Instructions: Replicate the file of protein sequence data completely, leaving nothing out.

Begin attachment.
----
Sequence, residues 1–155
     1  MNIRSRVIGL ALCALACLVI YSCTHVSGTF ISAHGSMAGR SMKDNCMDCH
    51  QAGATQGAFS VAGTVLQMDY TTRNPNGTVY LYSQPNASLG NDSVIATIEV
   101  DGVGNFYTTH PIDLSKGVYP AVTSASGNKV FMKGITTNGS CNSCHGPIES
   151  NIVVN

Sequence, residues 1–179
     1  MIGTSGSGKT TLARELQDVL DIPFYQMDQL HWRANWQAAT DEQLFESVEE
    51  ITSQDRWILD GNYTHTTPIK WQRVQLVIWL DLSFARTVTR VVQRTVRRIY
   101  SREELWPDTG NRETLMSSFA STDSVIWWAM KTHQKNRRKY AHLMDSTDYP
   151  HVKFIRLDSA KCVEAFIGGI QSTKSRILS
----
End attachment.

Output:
Sequence, residues 1–155
     1  MNIRSRVIGL ALCALACLVI YSCTHVSGTF ISAHGSMAGR SMKDNCMDCH
    51  QAGATQGAFS VAGTVLQMDY TTRNPNGTVY LYSQPNASLG NDSVIATIEV
   101  DGVGNFYTTH PIDLSKGVYP AVTSASGNKV FMKGITTNGS CNSCHGPIES
   151  NIVVN

Sequence, residues 1–179
     1  MIGTSGSGKT TLARELQDVL DIPFYQMDQL HWRANWQAAT DEQLFESVEE
    51  ITSQDRWILD GNYTHTTPIK WQRVQLVIWL DLSFARTVTR VVQRTVRRIY
   101  SREELWPDTG NRETLMSSFA STDSVIWWAM KTHQKNRRKY AHLMDSTDYP
   151  HVKFIRLDSA KCVEAFIGGI QSTKSRILS